Sue Hall is a founder member of the Probation Institute and Vice President of the Confederation of European Probation. She was Chief Executive of the West Yorkshire Probation Trust and Chair of the Probation Chiefs Association until 2014. So she is particularly well placed to contribute to this guest blog series setting out the top three priorities for the new Justice Secretary. You can follow @ProbInstitute and @SueHall14 on Twitter.
If I were Justice Secretary
If I were Justice Secretary, I would recognise that I faced real challenges in relation to every part of criminal justice. A series of policy decisions driven by the need to find savings and a belief in the private sector has resulted in a more complex system, one which is harder to explain and operate. A new vision for the criminal justice system is needed which is based on ethics, evidence and experience, which has public confidence and which can win back the hearts and minds of criminal justice professionals – sentencers, probation staff, prison staff, lawyers.
It is surprising that crime and justice have not formed a major plank of electoral campaigning and the public is not aware of the profound way offender supervision is being changed. As Justice Secretary I would work with key stakeholders to develop a coherent vision for an integrated and local justice system. A good starting point would be revisit the Justice Committee’s 2010 report “Cutting crime: the case for justice reinvestment“.
An integrated and professional probation service
A strong and fair justice system needs a probation service, which is integrated and locally accountable. ‘Transforming Rehabilitation’ is still bedding in, but there are signs of fragmentation with the 8 different owners of the 21 Community Rehabilitation Companies (CRCs) separately developing their own models for managing medium and lower risk offenders. Splitting up responsibility for offender management has created a divide between a small national probation service and the 21 CRCs leading a huge increase in bureaucracy and growing professional tensions.
The probation profession is potentially being undermined as there is no longer a requirement for CRCs to use staff with recognised probation qualifications. They no longer have to employ qualified probation officers to manage complex cases.
As Justice Secretary I would have to accept that contracts had been let with new providers, but I would want an urgent review of the models being implemented. I would want to look again at how the supervision of offenders can be properly integrated and made accountable at a local level. I would also want to ensure high and consistent professional standards across all providers backed up by a register of probation staff with approved qualifications.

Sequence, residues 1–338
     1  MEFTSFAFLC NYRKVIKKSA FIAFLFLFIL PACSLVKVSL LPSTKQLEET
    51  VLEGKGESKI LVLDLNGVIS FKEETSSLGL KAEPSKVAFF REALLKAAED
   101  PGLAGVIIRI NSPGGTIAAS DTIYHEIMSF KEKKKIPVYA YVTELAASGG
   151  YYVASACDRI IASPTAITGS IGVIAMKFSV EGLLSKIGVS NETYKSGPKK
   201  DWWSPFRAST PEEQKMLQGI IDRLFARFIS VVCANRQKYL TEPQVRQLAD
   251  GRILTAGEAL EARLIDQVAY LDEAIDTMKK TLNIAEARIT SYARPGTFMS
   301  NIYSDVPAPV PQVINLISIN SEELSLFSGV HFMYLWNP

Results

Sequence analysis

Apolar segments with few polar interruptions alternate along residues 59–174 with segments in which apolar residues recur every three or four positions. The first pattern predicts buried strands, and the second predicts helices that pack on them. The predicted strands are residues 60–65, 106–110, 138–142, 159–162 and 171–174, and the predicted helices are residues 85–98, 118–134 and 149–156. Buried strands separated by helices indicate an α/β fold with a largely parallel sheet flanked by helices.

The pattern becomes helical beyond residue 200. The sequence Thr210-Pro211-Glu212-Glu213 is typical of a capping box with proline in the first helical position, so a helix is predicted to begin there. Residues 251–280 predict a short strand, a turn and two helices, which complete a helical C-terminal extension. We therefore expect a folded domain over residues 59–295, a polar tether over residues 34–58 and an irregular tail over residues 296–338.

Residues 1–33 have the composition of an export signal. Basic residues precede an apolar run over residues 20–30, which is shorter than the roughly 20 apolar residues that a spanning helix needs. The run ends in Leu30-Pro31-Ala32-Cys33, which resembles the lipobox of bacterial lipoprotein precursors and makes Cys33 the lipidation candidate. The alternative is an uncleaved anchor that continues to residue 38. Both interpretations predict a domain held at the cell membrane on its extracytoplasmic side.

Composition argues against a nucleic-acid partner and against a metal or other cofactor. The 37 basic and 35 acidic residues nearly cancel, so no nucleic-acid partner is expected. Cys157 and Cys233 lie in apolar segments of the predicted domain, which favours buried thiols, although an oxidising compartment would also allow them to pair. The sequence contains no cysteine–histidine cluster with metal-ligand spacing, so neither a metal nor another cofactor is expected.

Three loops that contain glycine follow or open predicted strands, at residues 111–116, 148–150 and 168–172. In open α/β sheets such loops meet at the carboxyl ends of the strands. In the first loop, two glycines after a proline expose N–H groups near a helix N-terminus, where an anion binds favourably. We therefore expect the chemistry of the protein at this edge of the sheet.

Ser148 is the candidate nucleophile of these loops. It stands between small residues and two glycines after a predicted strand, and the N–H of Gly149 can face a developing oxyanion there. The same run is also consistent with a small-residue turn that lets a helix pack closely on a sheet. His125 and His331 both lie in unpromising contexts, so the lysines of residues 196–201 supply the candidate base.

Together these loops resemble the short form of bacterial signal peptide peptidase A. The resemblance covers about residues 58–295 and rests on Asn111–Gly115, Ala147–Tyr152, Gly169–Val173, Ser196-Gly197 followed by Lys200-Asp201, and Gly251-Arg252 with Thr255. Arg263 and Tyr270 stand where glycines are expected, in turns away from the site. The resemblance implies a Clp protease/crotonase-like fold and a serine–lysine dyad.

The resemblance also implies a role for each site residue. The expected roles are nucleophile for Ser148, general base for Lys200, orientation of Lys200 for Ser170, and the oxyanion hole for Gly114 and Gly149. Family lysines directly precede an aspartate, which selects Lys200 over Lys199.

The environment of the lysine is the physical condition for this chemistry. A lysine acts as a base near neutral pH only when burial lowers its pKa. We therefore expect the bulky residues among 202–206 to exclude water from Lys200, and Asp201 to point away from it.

Make savings through a new and more targeted role for prisons
The need for further savings remains a political imperative, but salami slicing existing services is not the answer. Let’s learn from some of our European neighbours and release resources through significantly reducing the prison population.
The current prison population stands at over 85,000. Whilst there is a short-term problem of ensuring the prisons are adequately staffed with properly trained staff to ensure a decent and humane regime, there is a crucial longer term need for a strategy which rethinks the role of prisons in our society.
We have to ask ourselves why we have an imprisonment rate of 149 per 100,000 population compared to our near neighbours in Europe – Germany (76), and the Netherlands (75). Are we so much more lawless and crime-ridden than these countries that we have to have a rate of imprisonment that is nearly twice as high? In both of these countries the prison population is falling. How has this been achieved and are there lessons for the UK?
I would want to see if evidence from other jurisdictions can help us develop a new strategy for the sentencing and management of offenders and reduce the prison population.
Evidence led policy
This brings me to my third theme – the need for policy to be based on good evidence, research and testing. The Justice Committee recently criticised the speed at which the legal aid reforms had been brought in which had militated against ‘a research-based and well structured programme of change’ and which had harmed ‘access to justice for some litigants’.
The Magistrates Association have recently warned that the new requirement for court fees of between £150-£1200 to be paid by convicted defendants did not appear to have not properly thought through and might have unforeseen negative consequences.
Unpicking or managing the consequences of poorly designed and hastily implemented policies is both wasteful and undermines the reputation of a proud criminal justice system.
As Justice Secretary I would want to build solid foundations for the future based on robust research and evidence and I would want to implement carefully to ensure public benefit as well as value for money.
The purpose of this blog series is to stimulate a debate about where our criminal justice system should be heading. I’d love to hear your thoughts on what the justice priorities should be. Please use the comments section below or follow the conversation on Twitter, using the hashtag #nextGrayling